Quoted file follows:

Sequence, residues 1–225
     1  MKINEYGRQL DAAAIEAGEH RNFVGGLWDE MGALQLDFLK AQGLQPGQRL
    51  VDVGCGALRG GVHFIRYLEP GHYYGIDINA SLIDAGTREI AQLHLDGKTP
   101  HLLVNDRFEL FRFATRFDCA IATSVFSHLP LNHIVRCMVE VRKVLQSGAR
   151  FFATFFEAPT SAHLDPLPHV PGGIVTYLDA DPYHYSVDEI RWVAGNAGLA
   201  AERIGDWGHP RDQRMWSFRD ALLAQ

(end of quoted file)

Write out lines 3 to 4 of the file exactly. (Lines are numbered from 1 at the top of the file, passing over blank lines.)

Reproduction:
    51  VDVGCGALRG GVHFIRYLEP GHYYGIDINA SLIDAGTREI AQLHLDGKTP
   101  HLLVNDRFEL FRFATRFDCA IATSVFSHLP LNHIVRCMVE VRKVLQSGAR